TL,DR: Even with small number of users, Facebook decides to increase support for WP while Google decides to entirely alienate and scale back support. Go try touch.facebook.com.
- 01-06-2013, 12:26 AM #4
Google Maps always ran fine in IE 9 and IE 10 for Windows Phone. It was only broken in the pre-Mango version of IE for NoDo.
As for Facebook revamping its mobile sites, that's likely due to pressure for consolidation of codebases. The more they can build out HTML5 that works cross-browser, the less they need to focus on the old mobile site or platform-specific versions of the site.
- 01-06-2013, 09:49 AM #6
You know what would subtly improve user experience? Not a ****ing web app, but a proper native first party Facebook app. That and a native Facebook Messenger app with all the features of the iOS version which includes VOIP, voice messages, 'sent' notification and pretty much everything on offer on iOS.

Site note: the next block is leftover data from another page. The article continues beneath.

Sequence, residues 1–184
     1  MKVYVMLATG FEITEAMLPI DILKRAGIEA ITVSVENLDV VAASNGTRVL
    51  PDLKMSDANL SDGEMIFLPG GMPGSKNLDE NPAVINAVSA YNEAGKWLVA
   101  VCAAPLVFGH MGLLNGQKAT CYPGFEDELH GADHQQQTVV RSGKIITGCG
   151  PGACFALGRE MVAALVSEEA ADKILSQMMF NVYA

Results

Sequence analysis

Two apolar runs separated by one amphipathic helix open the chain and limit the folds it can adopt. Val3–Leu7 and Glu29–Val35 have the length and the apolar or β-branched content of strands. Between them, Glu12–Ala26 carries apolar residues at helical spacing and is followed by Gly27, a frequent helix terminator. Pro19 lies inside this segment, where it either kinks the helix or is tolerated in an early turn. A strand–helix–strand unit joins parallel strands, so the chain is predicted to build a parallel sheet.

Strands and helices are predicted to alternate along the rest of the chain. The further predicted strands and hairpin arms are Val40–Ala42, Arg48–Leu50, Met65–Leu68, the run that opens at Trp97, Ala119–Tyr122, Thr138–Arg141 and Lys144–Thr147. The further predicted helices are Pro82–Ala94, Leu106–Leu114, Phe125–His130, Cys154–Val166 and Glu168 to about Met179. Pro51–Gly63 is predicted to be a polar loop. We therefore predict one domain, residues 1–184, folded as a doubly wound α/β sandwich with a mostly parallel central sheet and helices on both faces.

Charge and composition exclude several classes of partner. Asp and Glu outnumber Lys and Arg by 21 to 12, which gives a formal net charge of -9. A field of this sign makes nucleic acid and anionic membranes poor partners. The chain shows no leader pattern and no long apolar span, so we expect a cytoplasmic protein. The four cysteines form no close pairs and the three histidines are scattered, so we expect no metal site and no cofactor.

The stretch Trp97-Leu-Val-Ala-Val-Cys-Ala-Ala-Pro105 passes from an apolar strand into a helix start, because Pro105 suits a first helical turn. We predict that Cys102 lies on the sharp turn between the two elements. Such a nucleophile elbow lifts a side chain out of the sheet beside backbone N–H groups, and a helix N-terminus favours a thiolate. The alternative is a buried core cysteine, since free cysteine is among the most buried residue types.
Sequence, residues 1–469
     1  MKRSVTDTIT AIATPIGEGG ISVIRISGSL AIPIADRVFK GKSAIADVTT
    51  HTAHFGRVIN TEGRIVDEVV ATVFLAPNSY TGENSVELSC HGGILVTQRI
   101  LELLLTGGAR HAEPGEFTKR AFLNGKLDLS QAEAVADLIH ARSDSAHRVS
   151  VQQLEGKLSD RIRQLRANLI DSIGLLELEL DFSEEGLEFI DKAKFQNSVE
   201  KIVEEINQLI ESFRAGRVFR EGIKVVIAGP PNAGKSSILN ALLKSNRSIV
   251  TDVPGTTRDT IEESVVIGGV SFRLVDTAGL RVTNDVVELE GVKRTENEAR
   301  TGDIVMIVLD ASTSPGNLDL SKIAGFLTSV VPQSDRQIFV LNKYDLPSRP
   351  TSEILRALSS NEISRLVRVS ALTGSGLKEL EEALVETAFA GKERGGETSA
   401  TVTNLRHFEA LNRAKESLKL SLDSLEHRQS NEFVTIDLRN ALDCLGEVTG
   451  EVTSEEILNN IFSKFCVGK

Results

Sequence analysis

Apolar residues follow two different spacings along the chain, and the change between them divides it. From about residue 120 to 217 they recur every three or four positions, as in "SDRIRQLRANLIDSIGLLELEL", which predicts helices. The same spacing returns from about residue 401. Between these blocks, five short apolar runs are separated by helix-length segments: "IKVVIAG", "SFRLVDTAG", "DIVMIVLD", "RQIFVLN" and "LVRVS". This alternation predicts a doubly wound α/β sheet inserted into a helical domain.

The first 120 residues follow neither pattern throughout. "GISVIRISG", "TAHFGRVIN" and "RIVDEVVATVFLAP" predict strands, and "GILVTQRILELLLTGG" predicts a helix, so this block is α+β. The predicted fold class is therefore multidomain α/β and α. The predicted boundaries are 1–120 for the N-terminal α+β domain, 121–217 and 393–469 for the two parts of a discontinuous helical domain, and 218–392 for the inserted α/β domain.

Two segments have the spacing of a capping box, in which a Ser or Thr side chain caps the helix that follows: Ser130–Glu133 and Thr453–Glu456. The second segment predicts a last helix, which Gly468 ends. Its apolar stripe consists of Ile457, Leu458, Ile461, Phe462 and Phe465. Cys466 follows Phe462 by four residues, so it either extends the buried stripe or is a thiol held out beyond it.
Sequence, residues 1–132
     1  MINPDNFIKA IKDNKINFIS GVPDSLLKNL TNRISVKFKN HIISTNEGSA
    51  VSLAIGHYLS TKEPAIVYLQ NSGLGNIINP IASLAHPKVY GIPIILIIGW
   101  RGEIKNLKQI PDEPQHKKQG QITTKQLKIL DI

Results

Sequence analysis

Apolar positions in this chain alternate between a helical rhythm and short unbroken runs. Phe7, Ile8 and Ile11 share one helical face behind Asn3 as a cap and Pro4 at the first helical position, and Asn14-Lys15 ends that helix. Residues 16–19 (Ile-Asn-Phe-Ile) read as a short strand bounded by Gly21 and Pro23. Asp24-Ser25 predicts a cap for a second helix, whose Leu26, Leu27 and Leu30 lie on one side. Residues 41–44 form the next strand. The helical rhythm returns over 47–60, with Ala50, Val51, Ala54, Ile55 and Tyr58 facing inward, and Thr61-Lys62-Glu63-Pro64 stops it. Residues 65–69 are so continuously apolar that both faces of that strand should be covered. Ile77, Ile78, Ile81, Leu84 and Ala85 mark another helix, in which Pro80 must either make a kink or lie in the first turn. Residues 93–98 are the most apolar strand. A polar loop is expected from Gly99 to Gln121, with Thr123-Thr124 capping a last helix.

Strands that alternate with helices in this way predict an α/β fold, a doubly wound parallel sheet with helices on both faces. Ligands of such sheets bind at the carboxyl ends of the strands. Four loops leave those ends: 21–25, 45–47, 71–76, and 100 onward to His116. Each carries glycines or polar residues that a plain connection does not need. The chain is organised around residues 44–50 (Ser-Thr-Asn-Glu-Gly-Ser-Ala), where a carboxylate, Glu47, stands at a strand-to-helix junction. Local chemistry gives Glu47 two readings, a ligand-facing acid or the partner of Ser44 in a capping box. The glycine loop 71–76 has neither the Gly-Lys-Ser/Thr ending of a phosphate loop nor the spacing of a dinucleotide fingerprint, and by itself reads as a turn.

01-06-2013, 04:16 PM #8
- 27 Posts
The point is Facebook is improving its mobile user experience to more users and that is highly beneficial to WP users. This is despite the fact that for the 3 years of WP's existence, Facebook's touch website NEVER worked correctly most of the time. WP users who started using WP and Facebook on constant basis since the beginning will understand the frustration. (It wasn't until a few months ago that the official WP Facebook app has the option to 'like' comments.)
- 01-06-2013, 04:23 PM #9
Amongst all the negative comments, I would like to add - that change is MASSIVE! I'm impressed with how the website now looks. I don't know if anyone has seen how nice it looks throughout compared to what it was before. It essentially kills the need to have an app. Most of it is integrated anyway. For odd bits, I will rather go to this webpage which is now pinned on my start screen. For notifications, I have ME tile.
- 01-06-2013, 04:34 PM #11
01-06-2013, 08:48 PM #13
- 524 Posts